How Far is Too Far?

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We’ve all heard the arguments regarding digital photo manipulation, and the varying opinions as to when it’s justified and when it’s not. For instance, we’d expect authenticity from a photo published in a tenth-grade history textbook, but we might be more lenient about a photo in a car ad. As one might assume, real estate photography has found its place within this ongoing debate as increasing numbers of images are enhanced to gather more attention from prospective buyers online. Here’s a sample listing photo that I modified using standard image manipulation tools:

Too Far

Whether the photo has been aesthetically improved or not is subjective, but the brighter colors and deeper, bolder shades very well could spur more attention in an online marketplace. Did I really do anything unethical though? I mean, the original photograph was not white balanced properly, the house was shot at an odd angle, and it was during an episode of dreary weather. Perhaps I crossed the line when I removed the cable strung out from the right-hand side of the house. Or maybe when I lightened and saturated the grass to make it look greener. Who knows? Better yet, who’s going to stop me?

I think the issue boils down to buyer expectation. If a buyer sees a “bad” photo online, then it’s easy for the agent to exceed expectations during a showing. However, the bad photo may also result in a number of prospective buyers not scheduling a viewing at all, or just dismissing the house all together. Alternatively, an overly enhanced listing photo may attract a large sum of buyers, but their expectations may not be met during a viewing of the actual property. The real challenge is to capture the property at its best – not unrealistically enhanced, or overtly poor, just naturally good. I end with a quote:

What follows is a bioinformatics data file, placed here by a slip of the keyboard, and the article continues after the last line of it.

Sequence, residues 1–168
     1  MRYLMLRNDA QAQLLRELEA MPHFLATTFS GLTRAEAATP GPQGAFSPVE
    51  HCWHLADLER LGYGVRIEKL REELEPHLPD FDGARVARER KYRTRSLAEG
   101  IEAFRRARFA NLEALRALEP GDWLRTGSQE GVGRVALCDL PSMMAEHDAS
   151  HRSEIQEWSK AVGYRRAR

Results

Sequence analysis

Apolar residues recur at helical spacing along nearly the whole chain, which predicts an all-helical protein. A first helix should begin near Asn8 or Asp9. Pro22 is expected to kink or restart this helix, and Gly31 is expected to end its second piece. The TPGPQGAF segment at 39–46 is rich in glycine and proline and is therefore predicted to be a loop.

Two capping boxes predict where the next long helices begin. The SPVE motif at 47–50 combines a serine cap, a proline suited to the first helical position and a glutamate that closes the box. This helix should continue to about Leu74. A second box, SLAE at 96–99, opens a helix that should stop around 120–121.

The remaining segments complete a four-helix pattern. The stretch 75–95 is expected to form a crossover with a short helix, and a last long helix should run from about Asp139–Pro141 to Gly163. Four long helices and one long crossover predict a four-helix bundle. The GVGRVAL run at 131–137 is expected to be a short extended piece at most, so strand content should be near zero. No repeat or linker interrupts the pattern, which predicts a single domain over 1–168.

In the very beginning, when the operator controls and regulates his time of exposure, when in the dark room the developer is mixed for detail, breath, flatness or contrast, faking has been resorted to. In fact every photograph is a fake from start to finish.   A purely impersonal, unmanipulated photograph is practically impossible. When all is said, it still remains entirely a matter of degree and ability. – Edward Steichen, 1903 (quoted here).

2 Comments

  • challenged says:

    I think definitely when an eye sore is removed from a photo – vs choosing a different shooting angle to try minimizing it – then that is crossing the line. Perhaps adding pop or details to features such as condition of the exterior finish or health of the lawn and landscaping is a bit too much, unless it’s an honest attempt to restore something that was apparently lost due to poor image quality. If however, such an edit is meant to deceive the viewer into seeing something that simply isn’t there, I don’t believe that is ethical in the least. Journalism photography takes this very approach, and easily applies here.

  • Megan says:

    I was looking at the side-by-side images as if I were a potential buyer looking at this home. I don’t know if I would remember whether there was a cable strung in the listing photos or not – even if I ended up buying this place. It is probably crossing the line, but is it something that would be pivotal or noticeable? I doubt it.

    On the flip-side though, if I were to see listing photos that portrayed the exterior or interior of the house in better condition than it really is, or possibly even had pictures taken that skewed my view of what the room sizes might really be I can see myself being totally disappointed when I go to view the house and it is nothing like the listing photos portray. That just might make me lose some faith in the listing agent.

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